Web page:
scale matrix of the mixture components (real positive numbers).
Default: ISscale = c(1, 0.25, 4)
.
trace.mu
Tracing information on
the progress in the optimization of the mode of the mixture
components (nonnegative integer number). Higher values
may produce more tracing information (see the source code
of the function optim
for further details).
Default: trace.mu = 0
, i.e., no tracing information.
maxit.mu
maximum number of iterations used
in the optimization of the modes of the mixture components
(positive integer). Default: maxit.mu = 500
.
reltol.mu
relative convergence tolerance
used in the optimization of the modes of the mixture components
(real number in [0,1]). Default: reltol.mu = 1e8
.
trace.p
, maxit.p
, reltol.p
the same as for the arguments above, but for the optimization of the mixing probabilities of the mixture components.
A list with the following components:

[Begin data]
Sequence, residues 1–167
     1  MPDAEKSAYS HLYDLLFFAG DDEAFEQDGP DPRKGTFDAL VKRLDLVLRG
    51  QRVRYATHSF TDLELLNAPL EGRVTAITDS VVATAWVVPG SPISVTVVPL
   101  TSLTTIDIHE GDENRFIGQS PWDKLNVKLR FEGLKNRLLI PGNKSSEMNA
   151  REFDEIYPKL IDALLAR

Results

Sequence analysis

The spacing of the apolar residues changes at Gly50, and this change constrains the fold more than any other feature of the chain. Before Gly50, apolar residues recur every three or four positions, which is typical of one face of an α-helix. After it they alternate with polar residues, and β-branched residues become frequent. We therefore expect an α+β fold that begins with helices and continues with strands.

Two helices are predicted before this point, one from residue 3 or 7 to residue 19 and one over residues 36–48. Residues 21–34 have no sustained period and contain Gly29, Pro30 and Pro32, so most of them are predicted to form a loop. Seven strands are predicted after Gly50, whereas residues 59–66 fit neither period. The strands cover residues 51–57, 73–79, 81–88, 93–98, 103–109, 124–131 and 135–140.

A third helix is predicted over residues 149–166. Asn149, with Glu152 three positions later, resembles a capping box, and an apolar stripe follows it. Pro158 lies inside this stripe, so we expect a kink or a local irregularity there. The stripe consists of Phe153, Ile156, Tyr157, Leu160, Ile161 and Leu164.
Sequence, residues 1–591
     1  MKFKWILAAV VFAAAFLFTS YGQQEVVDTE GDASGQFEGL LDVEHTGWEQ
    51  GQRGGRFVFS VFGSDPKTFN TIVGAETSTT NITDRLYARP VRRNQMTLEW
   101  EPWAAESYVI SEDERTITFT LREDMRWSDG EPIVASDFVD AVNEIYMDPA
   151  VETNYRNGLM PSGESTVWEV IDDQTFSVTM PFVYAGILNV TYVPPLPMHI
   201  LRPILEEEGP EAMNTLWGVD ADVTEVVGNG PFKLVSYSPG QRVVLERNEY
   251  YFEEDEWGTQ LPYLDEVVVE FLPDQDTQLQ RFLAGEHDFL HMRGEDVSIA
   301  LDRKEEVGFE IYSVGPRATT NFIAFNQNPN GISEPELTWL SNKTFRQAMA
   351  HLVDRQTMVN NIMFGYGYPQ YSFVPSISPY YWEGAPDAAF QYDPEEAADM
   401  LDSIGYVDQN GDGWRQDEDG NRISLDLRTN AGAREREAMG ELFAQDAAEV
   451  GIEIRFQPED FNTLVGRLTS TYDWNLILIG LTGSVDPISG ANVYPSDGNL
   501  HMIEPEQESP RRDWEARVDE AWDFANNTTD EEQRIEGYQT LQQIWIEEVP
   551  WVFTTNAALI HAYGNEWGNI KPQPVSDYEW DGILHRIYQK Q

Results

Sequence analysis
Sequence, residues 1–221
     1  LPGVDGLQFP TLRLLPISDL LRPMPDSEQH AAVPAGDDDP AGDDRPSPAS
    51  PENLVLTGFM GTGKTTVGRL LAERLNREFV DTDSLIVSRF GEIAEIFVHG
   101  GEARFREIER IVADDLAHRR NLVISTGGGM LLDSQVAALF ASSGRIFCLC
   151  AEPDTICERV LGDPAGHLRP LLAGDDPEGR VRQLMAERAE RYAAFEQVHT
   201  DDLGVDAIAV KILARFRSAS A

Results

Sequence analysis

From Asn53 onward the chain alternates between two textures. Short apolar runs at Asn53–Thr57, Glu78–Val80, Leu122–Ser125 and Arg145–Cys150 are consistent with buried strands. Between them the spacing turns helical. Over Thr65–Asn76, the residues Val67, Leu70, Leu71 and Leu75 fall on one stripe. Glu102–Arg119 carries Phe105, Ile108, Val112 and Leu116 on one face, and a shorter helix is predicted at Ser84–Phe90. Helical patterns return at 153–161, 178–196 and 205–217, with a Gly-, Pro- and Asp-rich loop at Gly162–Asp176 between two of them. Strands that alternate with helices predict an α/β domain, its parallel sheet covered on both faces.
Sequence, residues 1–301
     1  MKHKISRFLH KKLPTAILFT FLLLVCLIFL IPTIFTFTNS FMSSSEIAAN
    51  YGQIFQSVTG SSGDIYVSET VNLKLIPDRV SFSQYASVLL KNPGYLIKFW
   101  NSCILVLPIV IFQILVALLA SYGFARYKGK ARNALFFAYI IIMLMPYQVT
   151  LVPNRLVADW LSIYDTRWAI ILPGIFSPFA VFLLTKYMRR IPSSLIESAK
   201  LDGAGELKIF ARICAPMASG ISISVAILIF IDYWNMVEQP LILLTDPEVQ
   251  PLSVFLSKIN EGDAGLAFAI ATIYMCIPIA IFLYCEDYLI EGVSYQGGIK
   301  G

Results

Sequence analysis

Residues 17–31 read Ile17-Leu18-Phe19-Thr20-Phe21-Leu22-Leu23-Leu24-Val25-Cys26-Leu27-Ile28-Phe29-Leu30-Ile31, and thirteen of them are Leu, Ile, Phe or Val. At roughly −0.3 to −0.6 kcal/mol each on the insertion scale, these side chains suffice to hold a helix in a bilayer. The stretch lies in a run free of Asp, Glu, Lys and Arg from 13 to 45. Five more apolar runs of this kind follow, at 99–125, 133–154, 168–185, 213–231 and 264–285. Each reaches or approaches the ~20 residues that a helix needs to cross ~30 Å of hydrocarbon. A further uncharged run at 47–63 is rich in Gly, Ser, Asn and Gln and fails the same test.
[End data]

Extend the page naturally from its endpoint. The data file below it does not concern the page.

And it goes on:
CV
: vector (of length H) of coefficients of variation of
the importance sampling weights.
mit
: list (of length 4) containing information on the fitted mixture of
Studentt distributions, with the following components:
p
: vector (of length H) of mixing probabilities.
mu
: matrix (of size Hxd) containing the
vectors of modes (in row) of the mixture components.
Sigma
: matrix (of size Hxd*d) containing the scale
matrices (in row) of the mixture components.
df
: degrees of freedom parameter of the Studentt components.
where H (>=1) is the number of components in the adaptive
mixture of Studentt distributions and d (>=1) is
the dimension of the first argument in KERNEL
.
summary
: data frame containing information on the optimization
procedures. It returns for each component of the adaptive mixture of
Studentt distribution: 1. the method used to estimate the mode
and the scale matrix of the Studentt component (‘USER’ if Sigma0